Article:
It's not possible to get AHCI via the MS driver because the BIOS has the SATA controller programmed into IDE mode. The AMD AHCI/RAID driver reprograms the chipset into a RAID/AHCI mode. The Linux SATA driver does the same.
     
  6. Davros

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    Really you'd expect the opposite because ssd's dont really have a seek time and and re-ordering the read/write commands to reduce head travel doesnt really make sense on a drive that doesnt have a traveling head
     
  7. swaaye

    swaaye Entirely Suboptimal
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    let me quote what somebody else said:
    A SSD takes the multiple I/O requests, and performs them virtually simultaneously, in parallel, limited only by the number of internal channels between the NAND memory chips and the SSD controller, and the constraints of the I/O requests. NCQ allows a SSD to operate at it's full potential, which does not happen without it in IDE mode.

    [​IMG]
    Look at the QD32 scores with NCQ here on the Crucial m4.
     
  8. Davros

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    yes but what are the scores with ncq off ?
    i think 4k test has a queue depth of 1 4kqd32 has a queue depth of 32 but in both tests ncq is enabled it just doesnt do anything if commands are issued serially (i dont think an application can turn off ncq could be wrong)
    and you can have native sata/ahci mode without ncq
     
  9. swaaye

    swaaye Entirely Suboptimal
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    http://forums.anandtech.com/showthread.php?t=2189224
    Crystaldiskmark 3.0.1 x64 IDE:

    Seq: Rd 156,8 Wr 82,93
    512K: Rd 153,4 Wr 80,20
    4K: Rd 17,53 Wr 64,68
    4K QD32: Rd 20,82 Wr 84,75

    Crystaldiskmark 3.0.1 x64 AHCI:

    Seq: Rd 200,8 Wr 86,17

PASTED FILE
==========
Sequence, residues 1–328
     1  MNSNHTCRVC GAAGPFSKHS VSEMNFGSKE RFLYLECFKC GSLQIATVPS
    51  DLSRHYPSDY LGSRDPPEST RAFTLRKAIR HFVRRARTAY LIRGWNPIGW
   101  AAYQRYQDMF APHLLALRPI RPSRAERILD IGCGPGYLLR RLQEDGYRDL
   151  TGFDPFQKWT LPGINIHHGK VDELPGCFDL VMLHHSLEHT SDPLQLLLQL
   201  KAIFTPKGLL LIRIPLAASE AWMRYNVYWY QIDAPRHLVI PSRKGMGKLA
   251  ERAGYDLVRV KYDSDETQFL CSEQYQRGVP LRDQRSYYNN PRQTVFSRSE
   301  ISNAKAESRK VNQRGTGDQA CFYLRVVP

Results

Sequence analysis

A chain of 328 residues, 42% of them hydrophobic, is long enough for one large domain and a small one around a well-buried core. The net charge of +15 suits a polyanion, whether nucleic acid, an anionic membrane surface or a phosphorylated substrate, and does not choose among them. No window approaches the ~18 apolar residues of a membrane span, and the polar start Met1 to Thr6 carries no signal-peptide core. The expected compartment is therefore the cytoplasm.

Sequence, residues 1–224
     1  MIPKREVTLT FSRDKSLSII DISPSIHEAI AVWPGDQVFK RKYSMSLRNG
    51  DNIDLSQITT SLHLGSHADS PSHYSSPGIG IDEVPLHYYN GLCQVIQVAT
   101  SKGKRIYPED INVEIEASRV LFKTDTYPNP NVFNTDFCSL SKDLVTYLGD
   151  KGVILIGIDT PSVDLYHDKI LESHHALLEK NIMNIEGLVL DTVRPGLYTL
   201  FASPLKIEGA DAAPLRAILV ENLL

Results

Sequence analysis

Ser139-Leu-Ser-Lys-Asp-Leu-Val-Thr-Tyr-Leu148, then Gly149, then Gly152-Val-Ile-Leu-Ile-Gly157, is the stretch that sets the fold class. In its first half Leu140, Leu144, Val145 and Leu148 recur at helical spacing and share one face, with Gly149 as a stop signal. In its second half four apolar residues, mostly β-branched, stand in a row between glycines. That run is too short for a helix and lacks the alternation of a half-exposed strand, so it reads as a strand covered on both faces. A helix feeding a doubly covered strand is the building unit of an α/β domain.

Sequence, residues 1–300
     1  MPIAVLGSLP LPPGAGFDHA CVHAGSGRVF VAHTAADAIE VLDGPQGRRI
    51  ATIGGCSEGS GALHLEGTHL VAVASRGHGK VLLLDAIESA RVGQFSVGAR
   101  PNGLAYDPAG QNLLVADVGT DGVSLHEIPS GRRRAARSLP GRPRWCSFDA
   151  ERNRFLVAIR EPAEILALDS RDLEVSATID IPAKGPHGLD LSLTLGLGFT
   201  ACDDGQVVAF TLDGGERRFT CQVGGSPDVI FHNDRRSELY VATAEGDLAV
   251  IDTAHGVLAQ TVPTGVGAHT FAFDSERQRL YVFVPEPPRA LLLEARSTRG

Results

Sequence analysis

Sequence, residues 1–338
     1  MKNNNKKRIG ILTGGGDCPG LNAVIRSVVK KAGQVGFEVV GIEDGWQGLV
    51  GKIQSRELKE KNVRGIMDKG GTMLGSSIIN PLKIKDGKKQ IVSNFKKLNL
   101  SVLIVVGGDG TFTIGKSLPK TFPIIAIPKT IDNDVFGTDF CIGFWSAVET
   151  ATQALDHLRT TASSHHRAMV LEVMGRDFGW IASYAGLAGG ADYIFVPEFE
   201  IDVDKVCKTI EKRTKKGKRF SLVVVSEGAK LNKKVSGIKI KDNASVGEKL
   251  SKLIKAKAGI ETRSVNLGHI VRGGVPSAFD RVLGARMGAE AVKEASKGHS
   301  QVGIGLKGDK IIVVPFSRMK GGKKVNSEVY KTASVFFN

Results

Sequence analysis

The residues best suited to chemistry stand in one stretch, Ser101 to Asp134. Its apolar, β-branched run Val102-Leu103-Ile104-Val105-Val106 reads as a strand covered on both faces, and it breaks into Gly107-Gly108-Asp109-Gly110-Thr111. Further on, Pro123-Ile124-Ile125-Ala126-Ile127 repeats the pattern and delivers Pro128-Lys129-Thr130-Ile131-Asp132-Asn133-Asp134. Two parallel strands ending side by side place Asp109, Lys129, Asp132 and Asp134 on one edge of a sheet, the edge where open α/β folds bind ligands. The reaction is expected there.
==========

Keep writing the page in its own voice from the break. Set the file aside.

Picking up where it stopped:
512K: Rd 189,4 Wr 82,07
    4K: Rd 17,09 Wr 49,43
    4K QD32: Rd 115,0 Wr 78,69

    write speed loss may be garbage collection since he's writing gigs.
     
  10. Davros

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    thats ide vs ahci not achi with ncq vs ahci without ncq
    the options should be in the driver
    [​IMG]

    the post you linked to
    the next post says

    "In real life home usage, your Queue Depth with an SSD is usually between 0 and 1. Their access times are so low that they finish disk requests so fast your queue is usually closer to 0."
     
  11. Blazkowicz

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    with queue depth = 1 it's pretty evident there's only one request at a time.
    with queue depth = 32, up to 32 at a time, but I guess there are still done serially, only not waiting for the answer. making the request itself probably eats little time compared to the time spent in storage driver, SATA controller, the drive's controller, back and forth with the various bus latencies.
    /edit : maybe the parallelism among flash chips is especially important
     
    #11 Blazkowicz, Aug 13, 2012
    Last edited by a moderator: Aug 13, 2012
  12. Davros